If you think I’m just worried about Macalester students finding housing, you must have missed the part of my article where I talked about how this housing is good for “empty-nester parents, or multi-generational households that want a close-by but separate dwelling for the grandparent.”
By the way, did you know that AARP basically supports everything I’ve described in this article? Check out this document: https://www.aarp.org/content/dam/aarp/livable-communities/tool-kits-resources/2020/AARP-CNU-EnablingBetterPlaces121520-singles.pdf
Good land use is a win for everyone, my friend!
You have interesting points in your piece. I agree we need to work towards increasing density and lowering restrictions on property use in Saint Paul. In my opinion, Marshal Ave should be your target, not Summit.
I think a key problem with your proposal is that you are calling for the destruction of the historic homes that make Summit Ave special in the first place. If all the houses are torn down and large apartments are built, the street will greatly change in character. This is why you upset all of us who also like Summit ave.
Second, I think you don’t fully understand the housing market. You call for more housing to lower the cost and increase the availability. Who is ever going to build it? Builders need to make money on the project which is driven by rent. As Saint Paul removes landlords abilities to raise rent and increases eviction protections, it is driving projects away. Advocate for the removal of restrictions on landlords and you will accomplish your goal.
I think your statement is ironic “good land use is a win for everyone”. Summit ave right now is a great street that can be enjoyed by EVERYONE especially those on neighboring streets like YOU and ME. By changing it to cater to those who want an apartment on it, it may lessen the street for others.
Lastly, why is Logan your standard? Chicago was built in a very different manner than the twin cities and there are some inefficiencies such as lot size that can not be fixed (unless there is fire like what happened in Chicago that destroys all of it tomorrow giving us a chance to plan it for smaller lots). Focus on things that can be easily fixed such as laws regarding property use, renter/landlord rights, and building requirements to promote more affordable housing. Don’t get distracted by turning Summit into something it’s not.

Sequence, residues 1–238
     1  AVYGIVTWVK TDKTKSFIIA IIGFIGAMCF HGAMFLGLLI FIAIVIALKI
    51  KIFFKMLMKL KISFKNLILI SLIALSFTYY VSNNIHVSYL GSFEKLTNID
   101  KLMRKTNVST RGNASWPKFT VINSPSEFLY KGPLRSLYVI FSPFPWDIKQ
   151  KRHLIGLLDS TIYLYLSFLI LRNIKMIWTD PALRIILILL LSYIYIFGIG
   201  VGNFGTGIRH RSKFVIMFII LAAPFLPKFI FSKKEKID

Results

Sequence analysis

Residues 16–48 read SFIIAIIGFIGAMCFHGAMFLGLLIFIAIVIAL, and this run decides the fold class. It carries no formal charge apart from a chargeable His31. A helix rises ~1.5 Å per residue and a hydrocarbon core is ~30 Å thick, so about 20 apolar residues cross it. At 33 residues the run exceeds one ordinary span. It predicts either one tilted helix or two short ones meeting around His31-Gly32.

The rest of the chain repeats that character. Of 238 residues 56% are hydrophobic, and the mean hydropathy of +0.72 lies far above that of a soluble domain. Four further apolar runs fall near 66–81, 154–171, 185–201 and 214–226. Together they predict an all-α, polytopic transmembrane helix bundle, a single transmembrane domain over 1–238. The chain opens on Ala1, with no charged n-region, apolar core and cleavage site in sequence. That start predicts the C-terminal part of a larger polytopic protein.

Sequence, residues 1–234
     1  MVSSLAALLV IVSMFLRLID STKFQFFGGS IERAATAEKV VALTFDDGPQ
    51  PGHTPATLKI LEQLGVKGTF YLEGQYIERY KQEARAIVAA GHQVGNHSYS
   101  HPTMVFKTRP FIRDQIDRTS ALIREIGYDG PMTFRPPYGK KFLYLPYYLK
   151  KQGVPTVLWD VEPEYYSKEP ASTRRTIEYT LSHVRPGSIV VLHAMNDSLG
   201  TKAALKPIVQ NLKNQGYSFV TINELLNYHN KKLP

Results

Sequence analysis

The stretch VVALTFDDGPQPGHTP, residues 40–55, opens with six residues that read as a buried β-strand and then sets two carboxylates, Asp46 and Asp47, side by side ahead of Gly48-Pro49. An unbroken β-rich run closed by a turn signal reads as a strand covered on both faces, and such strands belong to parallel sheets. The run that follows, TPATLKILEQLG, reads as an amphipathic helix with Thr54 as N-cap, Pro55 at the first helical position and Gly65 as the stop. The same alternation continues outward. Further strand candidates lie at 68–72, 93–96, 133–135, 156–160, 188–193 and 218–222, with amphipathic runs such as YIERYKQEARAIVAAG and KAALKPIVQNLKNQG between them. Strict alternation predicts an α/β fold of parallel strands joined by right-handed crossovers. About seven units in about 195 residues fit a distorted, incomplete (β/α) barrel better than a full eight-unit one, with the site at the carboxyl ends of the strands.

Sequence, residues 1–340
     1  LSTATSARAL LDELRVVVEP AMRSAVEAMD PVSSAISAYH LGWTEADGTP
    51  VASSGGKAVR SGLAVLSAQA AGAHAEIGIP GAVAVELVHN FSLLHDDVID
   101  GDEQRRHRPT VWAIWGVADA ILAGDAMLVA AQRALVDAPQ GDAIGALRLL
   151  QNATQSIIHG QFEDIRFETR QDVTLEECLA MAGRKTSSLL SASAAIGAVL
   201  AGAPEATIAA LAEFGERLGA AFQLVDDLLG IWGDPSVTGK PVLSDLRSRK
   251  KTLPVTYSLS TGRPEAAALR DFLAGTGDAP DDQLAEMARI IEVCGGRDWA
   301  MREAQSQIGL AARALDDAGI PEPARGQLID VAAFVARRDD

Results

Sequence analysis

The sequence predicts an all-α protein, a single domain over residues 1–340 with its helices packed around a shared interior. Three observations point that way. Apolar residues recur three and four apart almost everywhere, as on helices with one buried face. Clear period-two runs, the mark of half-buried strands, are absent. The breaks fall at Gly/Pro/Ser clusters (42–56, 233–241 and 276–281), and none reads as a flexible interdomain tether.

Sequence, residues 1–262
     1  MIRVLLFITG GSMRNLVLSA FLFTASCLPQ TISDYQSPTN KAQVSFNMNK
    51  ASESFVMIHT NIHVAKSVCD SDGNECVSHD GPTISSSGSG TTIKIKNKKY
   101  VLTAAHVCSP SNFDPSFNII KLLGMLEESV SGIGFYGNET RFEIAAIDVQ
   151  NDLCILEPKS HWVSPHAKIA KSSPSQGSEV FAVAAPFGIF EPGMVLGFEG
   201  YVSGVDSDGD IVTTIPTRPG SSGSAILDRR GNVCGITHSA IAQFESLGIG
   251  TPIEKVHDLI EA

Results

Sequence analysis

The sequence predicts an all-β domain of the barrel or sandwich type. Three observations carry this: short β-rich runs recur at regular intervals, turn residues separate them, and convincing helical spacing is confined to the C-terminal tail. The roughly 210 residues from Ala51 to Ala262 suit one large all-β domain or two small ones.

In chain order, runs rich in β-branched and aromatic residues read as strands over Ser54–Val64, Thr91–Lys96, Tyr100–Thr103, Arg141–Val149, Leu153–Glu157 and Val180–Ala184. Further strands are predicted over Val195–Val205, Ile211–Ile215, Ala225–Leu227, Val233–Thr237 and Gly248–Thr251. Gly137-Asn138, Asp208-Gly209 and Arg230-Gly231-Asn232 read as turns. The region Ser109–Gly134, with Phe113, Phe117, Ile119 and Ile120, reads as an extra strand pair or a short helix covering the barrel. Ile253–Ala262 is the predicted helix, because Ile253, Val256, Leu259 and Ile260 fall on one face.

Reading the comments to the post here really demonstrates the extent to which owners understand these houses as property investments first and foremost. Ensuring that their investments continue to maintain and accrue value is at the top of their priorities. Any threat to a future ability to reap a profit for themselves and their children will be fought tooth and nail. Almost makes abolishing private property seem like the only solution sometimes…
P. I doubt anyone on this post owns a house on Summit Ave.
Do you honestly think that the government running all housing is a good idea? I recommend you read about life in the Soviet Union. Read current news on housing prices in China. Clearly government ownership of property does not improve quality or cost of housing.
Yes! Building affordable housing in parts of the city that are currently financially exclusive should be a core goal of ours. I can think of nowhere more exclusive right now than Summit. Zoning is the start, and the city and county are going to have to follow up with other strategies like subsidizing the construction of affordable units and expanding public housing.
Nice houses in these areas, I hope the prices go down, but I don’t think they will